“I am going to put myself in that category,” Cuomo said Monday. Distrust of the vaccine is also an issue that Cuomo said was “very real.”
“They call it hesitancy,” he said. “Hesitancy is too benign a term for me. It is hesitancy, it is distrust. Call it what is.”
As an example, Cuomo said hospital workers have been offered the vaccine numerous times because they are priority.
He said the declination rate for vaccinations among Black hospital workers in a hospital setting is much higher than it is among Whites, Latinos or Asians.
“We know there is a real distrust issue,” Cuomo said. “It is a very real issue. We have to improve the access, yes; we need more supply, yes; but we have to also address this distrust issue head on, because it is real.”
There’s a ‘fundamental problem’
Among city residents who have received at least one vaccine dose, roughly half of White individuals have been vaccinated, compared to the roughly 11-15% of Black or Latino New Yorkers, according to preliminary data from the City Immunization Registry.
Sunday, the mayor stressed at the outset that there is a “fundamental problem” in health providers not consistently providing the necessary demographic data needed to make analyses on how equitably vaccines have been distributed and administered thus far.
For non-city residents who have received at least one vaccine dose, of whom de Blasio said the “clear majority” serve or work for the city in some capacity, roughly 60% of White individuals have gotten at least one vaccine dose while only roughly 7-10% of Black or Latino residents have, the data shows.
Crucially, 40% of adults who have received at least one vaccine dose have an unknown race or ethnicity, the city health department says. So far, 800,508 doses have been administered to date citywide, according to city health department data.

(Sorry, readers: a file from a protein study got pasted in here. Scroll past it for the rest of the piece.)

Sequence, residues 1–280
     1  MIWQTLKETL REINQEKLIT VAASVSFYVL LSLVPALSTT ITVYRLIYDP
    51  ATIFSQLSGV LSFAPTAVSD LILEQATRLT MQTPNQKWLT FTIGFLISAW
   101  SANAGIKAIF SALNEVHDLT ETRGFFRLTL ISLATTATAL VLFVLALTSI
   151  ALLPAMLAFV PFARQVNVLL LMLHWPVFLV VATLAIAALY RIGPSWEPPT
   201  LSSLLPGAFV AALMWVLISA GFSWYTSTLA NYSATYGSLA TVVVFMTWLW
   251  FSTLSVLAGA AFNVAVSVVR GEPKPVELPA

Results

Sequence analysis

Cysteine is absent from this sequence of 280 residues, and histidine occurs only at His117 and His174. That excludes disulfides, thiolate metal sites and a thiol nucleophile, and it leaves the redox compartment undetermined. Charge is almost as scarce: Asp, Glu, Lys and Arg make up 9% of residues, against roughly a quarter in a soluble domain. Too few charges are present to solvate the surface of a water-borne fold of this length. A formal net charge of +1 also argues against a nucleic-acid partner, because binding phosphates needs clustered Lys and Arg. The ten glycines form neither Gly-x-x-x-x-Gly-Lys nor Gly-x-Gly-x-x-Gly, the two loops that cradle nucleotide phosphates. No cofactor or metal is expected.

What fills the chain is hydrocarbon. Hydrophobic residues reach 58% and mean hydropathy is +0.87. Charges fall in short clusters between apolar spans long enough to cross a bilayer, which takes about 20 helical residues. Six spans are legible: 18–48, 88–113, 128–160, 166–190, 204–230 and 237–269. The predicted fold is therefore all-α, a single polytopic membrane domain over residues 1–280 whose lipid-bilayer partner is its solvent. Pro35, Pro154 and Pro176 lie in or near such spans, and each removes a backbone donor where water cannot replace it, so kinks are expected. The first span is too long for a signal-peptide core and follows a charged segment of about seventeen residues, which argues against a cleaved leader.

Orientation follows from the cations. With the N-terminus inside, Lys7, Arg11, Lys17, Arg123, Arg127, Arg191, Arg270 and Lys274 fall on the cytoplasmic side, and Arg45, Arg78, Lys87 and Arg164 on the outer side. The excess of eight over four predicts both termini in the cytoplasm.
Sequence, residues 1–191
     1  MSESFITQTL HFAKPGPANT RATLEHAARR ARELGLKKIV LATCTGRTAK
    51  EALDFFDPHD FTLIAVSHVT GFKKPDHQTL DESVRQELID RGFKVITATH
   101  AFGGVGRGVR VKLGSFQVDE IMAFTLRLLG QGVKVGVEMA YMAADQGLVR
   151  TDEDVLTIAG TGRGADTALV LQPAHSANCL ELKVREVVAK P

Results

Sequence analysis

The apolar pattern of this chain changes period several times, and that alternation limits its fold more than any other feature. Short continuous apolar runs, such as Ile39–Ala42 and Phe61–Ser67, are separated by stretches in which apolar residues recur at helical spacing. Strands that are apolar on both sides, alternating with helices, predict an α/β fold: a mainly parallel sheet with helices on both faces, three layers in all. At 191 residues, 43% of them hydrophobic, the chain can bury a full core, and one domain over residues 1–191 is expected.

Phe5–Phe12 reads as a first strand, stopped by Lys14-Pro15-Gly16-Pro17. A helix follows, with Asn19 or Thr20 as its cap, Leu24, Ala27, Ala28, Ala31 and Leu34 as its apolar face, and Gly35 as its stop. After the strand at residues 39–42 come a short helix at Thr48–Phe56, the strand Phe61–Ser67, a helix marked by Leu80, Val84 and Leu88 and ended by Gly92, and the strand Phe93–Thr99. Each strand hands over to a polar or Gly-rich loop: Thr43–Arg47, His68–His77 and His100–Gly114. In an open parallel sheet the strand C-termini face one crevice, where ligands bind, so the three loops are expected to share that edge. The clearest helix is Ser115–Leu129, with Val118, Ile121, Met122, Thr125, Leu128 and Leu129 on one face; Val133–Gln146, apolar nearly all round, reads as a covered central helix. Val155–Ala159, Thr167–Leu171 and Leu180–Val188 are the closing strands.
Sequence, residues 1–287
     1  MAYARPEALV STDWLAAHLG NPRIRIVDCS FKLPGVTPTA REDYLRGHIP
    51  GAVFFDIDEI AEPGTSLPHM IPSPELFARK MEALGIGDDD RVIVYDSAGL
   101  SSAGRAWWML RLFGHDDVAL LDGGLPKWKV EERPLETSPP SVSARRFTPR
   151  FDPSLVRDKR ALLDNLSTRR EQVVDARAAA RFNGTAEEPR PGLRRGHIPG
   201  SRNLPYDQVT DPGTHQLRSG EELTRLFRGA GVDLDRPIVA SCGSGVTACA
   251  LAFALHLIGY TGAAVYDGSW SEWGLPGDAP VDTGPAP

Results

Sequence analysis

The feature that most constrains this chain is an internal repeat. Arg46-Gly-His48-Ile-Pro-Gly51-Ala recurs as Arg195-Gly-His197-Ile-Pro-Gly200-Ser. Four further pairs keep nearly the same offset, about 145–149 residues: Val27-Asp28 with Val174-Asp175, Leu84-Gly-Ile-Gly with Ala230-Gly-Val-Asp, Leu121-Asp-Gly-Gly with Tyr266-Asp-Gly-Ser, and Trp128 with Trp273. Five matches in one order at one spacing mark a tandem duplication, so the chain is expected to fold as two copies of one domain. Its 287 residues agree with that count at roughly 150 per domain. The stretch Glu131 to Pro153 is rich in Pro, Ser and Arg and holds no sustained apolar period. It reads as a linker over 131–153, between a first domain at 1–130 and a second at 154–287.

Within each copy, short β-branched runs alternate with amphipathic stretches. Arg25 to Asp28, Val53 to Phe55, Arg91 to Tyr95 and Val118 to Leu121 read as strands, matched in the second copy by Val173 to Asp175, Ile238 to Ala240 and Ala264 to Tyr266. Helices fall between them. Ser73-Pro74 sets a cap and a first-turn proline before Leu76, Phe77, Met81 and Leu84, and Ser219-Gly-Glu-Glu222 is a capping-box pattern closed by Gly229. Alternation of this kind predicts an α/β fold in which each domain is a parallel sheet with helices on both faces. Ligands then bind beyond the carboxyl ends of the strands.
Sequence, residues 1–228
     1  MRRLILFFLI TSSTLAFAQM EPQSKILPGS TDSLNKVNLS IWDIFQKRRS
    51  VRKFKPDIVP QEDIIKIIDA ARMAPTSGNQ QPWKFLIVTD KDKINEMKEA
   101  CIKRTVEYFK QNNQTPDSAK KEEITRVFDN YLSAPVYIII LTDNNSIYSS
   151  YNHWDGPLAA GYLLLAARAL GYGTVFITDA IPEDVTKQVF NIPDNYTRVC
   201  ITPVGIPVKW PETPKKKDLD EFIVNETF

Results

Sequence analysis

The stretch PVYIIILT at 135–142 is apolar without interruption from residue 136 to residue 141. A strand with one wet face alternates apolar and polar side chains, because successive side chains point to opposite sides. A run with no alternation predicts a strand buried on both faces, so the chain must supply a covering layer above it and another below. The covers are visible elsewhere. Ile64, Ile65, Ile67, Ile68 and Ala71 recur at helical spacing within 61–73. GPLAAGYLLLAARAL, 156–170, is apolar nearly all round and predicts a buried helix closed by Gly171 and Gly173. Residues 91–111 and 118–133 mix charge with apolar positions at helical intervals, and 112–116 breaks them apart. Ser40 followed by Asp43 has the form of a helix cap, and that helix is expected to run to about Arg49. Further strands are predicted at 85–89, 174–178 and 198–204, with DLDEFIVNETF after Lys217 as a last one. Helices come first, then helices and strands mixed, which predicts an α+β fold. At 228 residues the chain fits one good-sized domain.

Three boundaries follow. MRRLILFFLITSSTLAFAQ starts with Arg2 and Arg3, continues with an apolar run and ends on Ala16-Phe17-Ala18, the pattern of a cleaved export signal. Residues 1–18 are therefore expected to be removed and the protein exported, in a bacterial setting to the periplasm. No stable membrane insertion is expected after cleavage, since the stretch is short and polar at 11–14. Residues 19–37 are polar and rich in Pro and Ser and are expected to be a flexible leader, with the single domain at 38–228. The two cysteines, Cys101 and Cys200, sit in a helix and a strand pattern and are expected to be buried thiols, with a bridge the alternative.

“But the information we do have shows clear disparity,” de Blasio said Sunday. “Clearly what we see is a particularly pronounced reality of many more people from White communities getting vaccinations than folks from Black and Latino communities.”
In response, the city has expanded its list of “hardest-hit” Covid-19 neighborhoods from 27 to 33 and will ramp up outreach, the mayor said.
About 60% of the city’s vaccination sites are within those 33 neighborhoods, according to Sideya Sherman, executive vice president for community engagement and partnerships at the New York City Housing Authority.
“But clearly we do see a profound disparity that needs to be addressed aggressively and creatively,” the mayor continued.
One such strategy is to allow people with vaccination appointments to bring other eligible family members so they can get vaccinated, too, he said.
The mayor stressed that one way to get past vaccine hesitancy is to ramp up supply, explaining that more people are likely to take the vaccine if they see someone they know have access to it firsthand.
The new data on the racial and ethnic disparities come as the city’s seven-day rolling average positivity rate stood at 8.34%, de Blasio reported Sunday, saying there is “real concern” about the new highly contagious novel coronavirus variants amid the inadequate vaccine supply.